It can’t be said often enough that “nothing in biology makes sense except in the light of evolution.” Moving from physical characteristics–color, bone shape, the form of bacterial cells–to genetic characteristics in order to classify organisms–and infer phylogenies–was a giant advance. That the molecular characteristics confirmed what was known using physical characteristics was a breakthrough, and allowed for more sophisticated analyses of organisms that don’t have bones or other easily-observable physical features that allow for simple classification into groups: microbes. I’ve previously pointed out the utility of phylogenetic analysis in tracking the spread of pathogens. A new study on the origin and evolution of HIV employs a similar approach in order to elucidate the history of the virus in Africa.
It’s been known for over 15 years that viruses related to HIV type 1 (the most common type; a nice overview of different types and strains of HIV can be found here) could be found in non-human primates. This related virus is called the simian immunodeficiency virus (SIV). Like HIV, there are a number of different strains of SIV; the type that was previously detected in chimpanzees is therefore designated SIVcpz, to show it’s from chimps (or even more specifically, SIVcpzPtt for isolates that come from the chimpanzee species Pan troglodytes troglodytes.)
The virus hadn’t, however, been studied previously in chimps out in the wild, for a number of reasons. These chimps are endangered and reclusive, and live in remote areas where they are difficult to study. Therefore, our knowledge of SIVcpz in chimpanzees comes from studies done in captive animals. A combination of new methods has allowed researchers to track the virus in wild chimps in the west central African nation of Cameroon.
I mentioned how much you can learn from, well, animal shit. That’s exactly what this study boils down to. Researchers collected almost 600 fecal samples from 10 sites in southern Cameroon. From these, they did three tests. One, they extracted DNA in order to examine the mitochondrial DNA of the chimp who’d been kind enough to provide the fecal sample. From this, it was found that 423 of them were the same subspecies: Pan troglodytes troglodytes. All samples were then tested for HIV-1 antibodies; 34 samples were positive, all from P. t. troglodytes. These antibody-positive samples were further examined using the polymerase chain reaction (PCR) to amplify viral genes. Additionally, they were able to examine portions in the chimp DNA that allowed them to distinguish individuals (so that it could be determined how many different chimps were represented by the positive fecal samples). They found they came from 16 different chimps–7 males, 9 females.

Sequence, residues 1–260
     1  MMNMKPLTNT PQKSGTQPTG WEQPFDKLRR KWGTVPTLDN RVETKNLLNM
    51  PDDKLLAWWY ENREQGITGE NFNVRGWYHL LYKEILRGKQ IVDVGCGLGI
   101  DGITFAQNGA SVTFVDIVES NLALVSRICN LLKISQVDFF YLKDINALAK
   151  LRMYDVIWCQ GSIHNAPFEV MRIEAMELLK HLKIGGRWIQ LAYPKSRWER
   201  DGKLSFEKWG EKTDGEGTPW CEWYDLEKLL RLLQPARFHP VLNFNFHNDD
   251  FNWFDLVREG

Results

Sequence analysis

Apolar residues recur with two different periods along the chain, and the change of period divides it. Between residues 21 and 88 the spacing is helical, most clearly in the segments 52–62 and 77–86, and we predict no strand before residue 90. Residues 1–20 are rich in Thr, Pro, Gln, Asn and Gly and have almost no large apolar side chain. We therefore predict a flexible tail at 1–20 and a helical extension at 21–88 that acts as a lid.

But all this was just the beginning. They then analyzed the genetic sequences of these 16 new viruses they collected and compared them to previously-identified viruses. They carried out these phylogenetic analyses using both individual genes as well as the entire viral sequences. A few key findings emerged from this. First, the viruses generally grouped according to geography: viruses which came from chimps geographically close together were more similar than those from chimps separated by physical distance, or barriers (such as rivers).
Second, in regard to the origin of HIV, this study also found viruses more closely related to HIV-1 than those previously identified. Indeed, SIVcpz strains from two sites–designated MB/LB in the very south eastern part of the country, and EK, in south central Cameroon–were more closely related to viruses in HIV-1 group M (the most common HIV-1 group) and N (a rare group), respectively, than they were to other isolates of SIVcpz. (See figures 3 and 4 of the paper). The group has carried out further studies in these areas with similar findings, and therefore conclude that chimps in these areas of Cameroon are the sources of these groups of HIV-1.